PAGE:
Sad news for Sugarmate users

I really love this little widget that displays my G6 data in a much more useful format than the native Dexcom phone app. Along with the arrows, it gives you the + or - difference between your current reading and the previous one, which I find much more instantly comprehensible, and it can live in your desktop toolbar (if you’re a Mac user, not sure about Windows) as well as your iPhone notifications layer. I’ve grown to rely on it pretty heavily over the years, so I was sad to see an email this a.m. saying that it will be disconnected as of Thurs. Nov. 4 due to an update to Dexcom’s server architecture. Apparently they were using a deprecated data channel and knew this was coming, but the timeline to develop a new service access is indeterminate. Dang.

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Dag nabbit. !

I bought an Apple Watch so I can have my sugar on the face.
I use sugarmate to make that happen.

If the Dexcom ap was any good, we wouldn’t need to go to a third party, but the dexcom Apple Watch ap won’t stay up and you need to load it and it takes 3 buttons.

I really need a no touch solution to seeing my sugars.

At work I wear gloves most of the time and I can’t be touching my phone or watch.

This whole thing really irks me to no end.



I use a Fitbit Versa 2 for this: there’s a 3rd-party clockface called Glance that displays Dexcom data as well as time of day on the primary screen. It gives you a choice of data sources, one of which is the Master Dexcom Account, which I use, so it’s unaffected.

But I’m a bit confused because I understood that Sugarmate uses Share, which certainly isn’t deprecated. At setup you add Sugarmate to your Share list, via an address they provide. Maybe that’s where the glitch comes in—something in how the API is coded or authenticated on the Sugarmate side. The cut-off is predicted to be tomorrow but I already see some data dropouts in my Sugarmate feed. It’s blank for anything before 9:58 a.m., and the parameters that are dependent on historical data (% above/below range, median) are blank. So something’s weird.

I am too! Just as soon as I figure out where to send my resignation letter. Don’t suppose you have the right contact info? I can’t even find the website for whoever’s in charge of this whole thing.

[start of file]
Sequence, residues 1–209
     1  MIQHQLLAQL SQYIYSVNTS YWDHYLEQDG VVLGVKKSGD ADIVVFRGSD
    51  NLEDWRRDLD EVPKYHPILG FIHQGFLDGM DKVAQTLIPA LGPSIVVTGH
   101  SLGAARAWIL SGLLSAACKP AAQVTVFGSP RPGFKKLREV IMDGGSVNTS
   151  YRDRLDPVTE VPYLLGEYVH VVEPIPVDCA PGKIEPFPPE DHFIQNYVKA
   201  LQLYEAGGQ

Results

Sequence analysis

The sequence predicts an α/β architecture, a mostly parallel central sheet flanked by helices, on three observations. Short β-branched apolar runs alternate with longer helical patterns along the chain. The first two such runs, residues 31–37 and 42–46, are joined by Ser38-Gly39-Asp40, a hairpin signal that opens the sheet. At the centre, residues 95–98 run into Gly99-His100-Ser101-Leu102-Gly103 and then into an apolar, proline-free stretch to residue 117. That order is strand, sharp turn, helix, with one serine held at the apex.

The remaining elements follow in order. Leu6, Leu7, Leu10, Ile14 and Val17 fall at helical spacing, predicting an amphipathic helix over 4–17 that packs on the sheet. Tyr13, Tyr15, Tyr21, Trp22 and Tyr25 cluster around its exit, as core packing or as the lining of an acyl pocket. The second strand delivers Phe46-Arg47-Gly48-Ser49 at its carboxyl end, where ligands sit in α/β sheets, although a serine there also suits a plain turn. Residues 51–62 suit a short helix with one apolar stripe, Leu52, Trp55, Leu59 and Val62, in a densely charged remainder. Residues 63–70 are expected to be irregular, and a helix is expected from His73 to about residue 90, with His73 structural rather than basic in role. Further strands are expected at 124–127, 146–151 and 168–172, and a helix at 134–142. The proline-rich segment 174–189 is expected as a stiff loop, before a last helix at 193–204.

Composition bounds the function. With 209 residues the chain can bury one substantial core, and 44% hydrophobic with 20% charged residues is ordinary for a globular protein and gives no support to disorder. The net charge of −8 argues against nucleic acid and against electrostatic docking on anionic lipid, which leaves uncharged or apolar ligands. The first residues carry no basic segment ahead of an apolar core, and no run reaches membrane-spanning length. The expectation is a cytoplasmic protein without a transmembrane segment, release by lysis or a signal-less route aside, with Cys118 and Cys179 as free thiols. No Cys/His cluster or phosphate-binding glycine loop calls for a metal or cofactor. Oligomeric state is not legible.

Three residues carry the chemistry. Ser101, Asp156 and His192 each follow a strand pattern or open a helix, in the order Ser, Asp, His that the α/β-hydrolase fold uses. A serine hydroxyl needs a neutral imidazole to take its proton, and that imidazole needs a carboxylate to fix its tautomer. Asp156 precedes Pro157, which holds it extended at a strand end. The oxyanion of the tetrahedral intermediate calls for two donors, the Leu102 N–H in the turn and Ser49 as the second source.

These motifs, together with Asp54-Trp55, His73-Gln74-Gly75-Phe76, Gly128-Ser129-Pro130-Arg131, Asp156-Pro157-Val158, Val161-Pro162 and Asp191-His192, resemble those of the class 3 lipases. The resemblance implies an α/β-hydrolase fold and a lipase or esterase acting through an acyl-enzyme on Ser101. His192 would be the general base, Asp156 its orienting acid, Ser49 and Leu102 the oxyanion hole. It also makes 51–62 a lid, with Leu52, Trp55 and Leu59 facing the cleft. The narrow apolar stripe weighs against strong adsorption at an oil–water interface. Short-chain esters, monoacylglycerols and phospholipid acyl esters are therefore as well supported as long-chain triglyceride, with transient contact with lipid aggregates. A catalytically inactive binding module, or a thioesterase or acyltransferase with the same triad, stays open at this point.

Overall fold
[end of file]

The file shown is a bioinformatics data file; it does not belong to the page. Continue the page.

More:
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I don’t know if this is part of Dexcom’s internal IT reconfiguration, but I lost the glucose trace on my Dexcom iOS app. Just before this happened, a Dexcom warning about a clock adjustment showed up on my screen.

I just exited the app and things returned to the usual display complete with the glucose trace.

In order to quit you just need someone to take your place. So find a healthy friend who wants to live this existence.
I mean you get a lot of attention. Negative attention is still attention.
You get people who care so much that they will tell you what to eat and moreover what not to eat.

You won’t need to worry about getting a clear answer from doctors because no one is on the same page. A1c at 5.5 is too low you could die. Or an a1c of 6.5 will give you heart disease and you could die.

So good news is you can just accept that doctors will generally tell you that your behavior is killing you. So you don’t need to change anything cause there is no real consensus.

Oh yea and if you are not taking enough insulin your pee will smell like foot loops. That’s cool if you like that smell.

I could go on and on about the benefits, I just need one person to take it from me.
It will cost you. I’m selling it for $0.32 US. I take Venmo zelle and PayPal.
That cause if you make it free people won’t value it.


well shoot… rick

To continue using Sugarmate, install and load Nightscout and then replace Dexcom with Nightscout as your Sugarmate data source:

Terry, I would hazard a guess the disappearance of the trace after a time adjustment has to do with how the app is internally doing timestamping.

I don’t think the app by itself depends on the Dexcom mothership mainframe for display. I think the app is working off its own internal history and timekeeping.

If you’ve ever done a CVS export from Clarity you might have recognized columns containing not just the human readable time, but also a seconds-since 1970 epoch time stamp, and a seconds-since-transmitter -started timestamp. After a local time change, I think some bookkeeping has to be done to keep maybe 2 of these 3 aligned before the curve can be shown again. (I think “seconds since transmitter started” is inviolate and the other two can be shifted and slid, but I could be wrong).

I recall in time changes, the Apple app is slightly different than the G6 receiver device is slightly different than the Clarity trace. I’ll look in detail throughout the upcoming 25 hour day (daylight savings time) and see which ones show something funny. I recall that at one point Clarity would show two different curves preceding the 2AM hour when we fall back, and a one hour gap when we spring forward. But that was over a year ago and I believe some timekeeping details may have changed since then.

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